If you are having doubts, you should wait for the FP2, which will arrive in the second half of 2015. In the meantime, you could use a friend’s phone, I’m sure someone close to you has an unused phone at home.
@JaneP - if you just want a phone and have no “techy” interests, then you have nothing to worry about here
We are actively looking at ways to achieve this goal, but we’re trying
to be realistic and face the fact that the first Fairphones will most
likely not be upgraded beyond Android 4.2.
It’s really rather disappointing
Selfishly, I was hoping to use Google Wear (primarily as a user and secondarily as a hobbiest developer), which as far as I know has a strict requirement for 4.3+. Bluetooth LE would be really nice too, if that’s achieveable through backporting. More generally, I had hoped that not being tied to a big (uncaring) manufacturer would make things easier from the software upgrade side of things.
There’s the cyanogenmod ROM which @uudddu mentioned, but development seems to be slow (stalled?) and not an option for people like me who would need bluetooth for the Wear integration (and a second SIM!).
Despite having some rudimentary knowledge of development I’m far and away from a device developer / behind-the-scenes type and so I don’t think I can contribute much :-/ It’s frustrating, as the major pieces are there: mostly open hardware, cyanogenmod; although we’re lucky to have those it’s not quite enough it seems!
Is there anything we, the Fairphone community, can do to bolster efforts either on the FP side of things or the CM side? The post I linked to in the thread at xda-developers mentions a bounty, but is that the most productive way to go?
I think the most important thing would be to get in contact with chrhoffmann, the guy who ported CM to the FP. If someone could talk to him/her to see his/her side of the things, then maybe we could come to terms and development could continue. It seems that nobody has managed to get in contact with chrmhoffmanm.
I cannot believe this isn’t discussed more. Having just received the mail requesting interest in FP2 this really did it:
I’m hugely disappointed in Fairphone B.V. Instead of trying to do everything for FP1 they plan on doing other obsolent hardware. There’s no real upgrade to be seen in 1.6 and 1.7. Update 1.8 is postponed indefinitely. Sustainability was one of the biggest principles of FP and now it seems they are more caring about making a quick bang. For me sustainability is the only true fairness you can show to any living thing on this planet.
Of course you can use your FP1 till the hardware dies (that’s five to ten years for me) but in two years this will be dangerous if you roam the internet (or even receive a spam SMS!). Using it as a phone is no problem but then again I could also use my “brick phone” from 2002. Using CyanogenMod is no option either because it will never have updated core elements let alone recent drivers because MediaTek will not release source code. With enough pressure I’m sure this would have been possible to do for a company like FP.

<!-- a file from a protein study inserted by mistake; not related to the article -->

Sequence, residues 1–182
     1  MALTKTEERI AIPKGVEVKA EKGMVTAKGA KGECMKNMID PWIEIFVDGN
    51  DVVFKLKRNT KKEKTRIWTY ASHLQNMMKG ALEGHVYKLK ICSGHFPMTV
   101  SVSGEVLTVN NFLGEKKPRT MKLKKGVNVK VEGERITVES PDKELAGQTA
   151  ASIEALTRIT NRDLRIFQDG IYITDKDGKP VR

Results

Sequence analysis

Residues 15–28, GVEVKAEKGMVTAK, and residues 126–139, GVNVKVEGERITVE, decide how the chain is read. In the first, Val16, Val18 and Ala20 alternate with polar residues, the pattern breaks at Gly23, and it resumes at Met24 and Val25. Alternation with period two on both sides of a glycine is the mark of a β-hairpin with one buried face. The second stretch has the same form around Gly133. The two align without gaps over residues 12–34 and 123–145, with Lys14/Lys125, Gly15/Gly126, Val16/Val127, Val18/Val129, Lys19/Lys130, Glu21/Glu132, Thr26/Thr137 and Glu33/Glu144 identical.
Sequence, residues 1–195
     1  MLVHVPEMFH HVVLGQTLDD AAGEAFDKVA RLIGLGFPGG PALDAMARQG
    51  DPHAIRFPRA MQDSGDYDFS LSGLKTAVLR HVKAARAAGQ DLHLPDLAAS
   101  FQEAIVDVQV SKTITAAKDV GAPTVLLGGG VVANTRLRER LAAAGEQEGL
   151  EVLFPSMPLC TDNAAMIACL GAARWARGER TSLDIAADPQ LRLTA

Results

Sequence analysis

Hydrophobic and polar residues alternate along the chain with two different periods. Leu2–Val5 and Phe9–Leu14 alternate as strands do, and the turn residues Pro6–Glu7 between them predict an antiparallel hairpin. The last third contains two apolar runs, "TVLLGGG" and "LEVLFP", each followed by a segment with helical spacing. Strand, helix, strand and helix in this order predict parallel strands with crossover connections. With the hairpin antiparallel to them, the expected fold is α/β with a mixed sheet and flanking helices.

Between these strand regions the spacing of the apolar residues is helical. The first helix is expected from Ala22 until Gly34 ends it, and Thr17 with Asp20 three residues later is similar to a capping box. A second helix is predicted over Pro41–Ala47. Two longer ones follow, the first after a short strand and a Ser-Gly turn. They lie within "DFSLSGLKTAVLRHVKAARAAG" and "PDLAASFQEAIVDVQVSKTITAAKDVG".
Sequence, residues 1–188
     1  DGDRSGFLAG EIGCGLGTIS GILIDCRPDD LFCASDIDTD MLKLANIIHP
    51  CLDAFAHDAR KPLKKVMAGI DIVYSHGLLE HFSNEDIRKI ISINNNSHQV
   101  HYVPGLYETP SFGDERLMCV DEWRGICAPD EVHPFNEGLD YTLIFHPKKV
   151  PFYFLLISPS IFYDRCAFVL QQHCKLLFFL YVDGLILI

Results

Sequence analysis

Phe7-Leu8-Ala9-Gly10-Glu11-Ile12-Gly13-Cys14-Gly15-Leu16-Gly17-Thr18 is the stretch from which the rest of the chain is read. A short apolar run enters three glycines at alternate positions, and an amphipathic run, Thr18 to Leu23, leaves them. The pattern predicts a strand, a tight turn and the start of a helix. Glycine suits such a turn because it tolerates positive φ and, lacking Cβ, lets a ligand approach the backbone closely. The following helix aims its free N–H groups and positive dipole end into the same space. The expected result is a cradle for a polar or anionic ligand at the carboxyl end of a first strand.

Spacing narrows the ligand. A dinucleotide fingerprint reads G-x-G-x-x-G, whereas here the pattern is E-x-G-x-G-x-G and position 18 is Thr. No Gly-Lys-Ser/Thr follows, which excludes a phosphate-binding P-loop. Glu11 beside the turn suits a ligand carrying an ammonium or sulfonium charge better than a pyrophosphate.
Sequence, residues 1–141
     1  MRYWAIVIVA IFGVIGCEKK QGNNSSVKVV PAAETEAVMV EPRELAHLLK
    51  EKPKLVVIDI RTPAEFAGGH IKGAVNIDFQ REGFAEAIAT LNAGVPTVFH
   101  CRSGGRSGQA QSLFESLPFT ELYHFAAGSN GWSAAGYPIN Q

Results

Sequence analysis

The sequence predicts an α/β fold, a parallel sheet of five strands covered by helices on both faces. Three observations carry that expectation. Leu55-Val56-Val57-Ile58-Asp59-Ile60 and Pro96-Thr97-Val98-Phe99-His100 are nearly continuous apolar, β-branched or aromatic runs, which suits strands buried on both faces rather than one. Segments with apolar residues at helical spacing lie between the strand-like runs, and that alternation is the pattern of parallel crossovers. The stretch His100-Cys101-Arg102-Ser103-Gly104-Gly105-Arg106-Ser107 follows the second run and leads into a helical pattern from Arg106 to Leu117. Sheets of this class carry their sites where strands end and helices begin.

Note, that there is the FP beta program currently running:
And you think 2 years to be acceptable? Not my idea of a ‘fair’ product…
Thanks for the link, Stefan. I sent a sign-up mail. A newsletter about this development would have been nice since I’m not around the forums regularly. I’m sure you will get more devs this way.
Let’s see what they are doing in the beta program. I presume they are trying to better FP OS or the upgrade mechanism. I doubt that it will include any new Android internals or MediaTek drivers but I’d like to be proved wrong.
I haven’t received an answer from beta program. I guess they have enough or they put every employee on selling … Recruiting customers on development is another sign how bad this is going. Does anybody know what’s going on there?
There was a news article on heise.de about the FP2 quoting Olivier Hebert that there will no further development beyond Android 4.2
A sh**storm followed in their forums and I was about to chime in. Their were some valid points like that a small start-up can’t really chose the manufacturer. But in the end this has a really bad aftertaste as to why they didn’t just take a slower, easier SoC and tried to run an alternative OS from the beginning. Instead they chose contrary to sustainability just something cheap that works to get it out as fast as possible. This surely was written many times I just had to get it out.
I will try to use my FP1U till the hardware dies. Maybe sooner than we prefer we will have to install CM.
I think what we as a community are coming up against is the frustration of the complication of the phone market.
As far as FP choosing a chipset, this isn’t the case. The chipset is selected by the manufacturing partner. The manufacturing partner holds this licence with the chipset vendor - therefore FP have very little control over this.
As the FP team are trying to produce a ‘fair’ phone they have to have control over what goes into the phone and that’s what their aim is to do. That immediately limits the manufacturing partners available.
From what we think we know already (Source: Here) the manufacturing partner for the FP2 has a licence for Qualcomm… so from my understanding this is a better situation to be in.
My German is somewhat rusty, but from reading the heise.de article I would say that your summary, @aexl, is misleading and incorrect. What the article says about the FP2 is that it will have: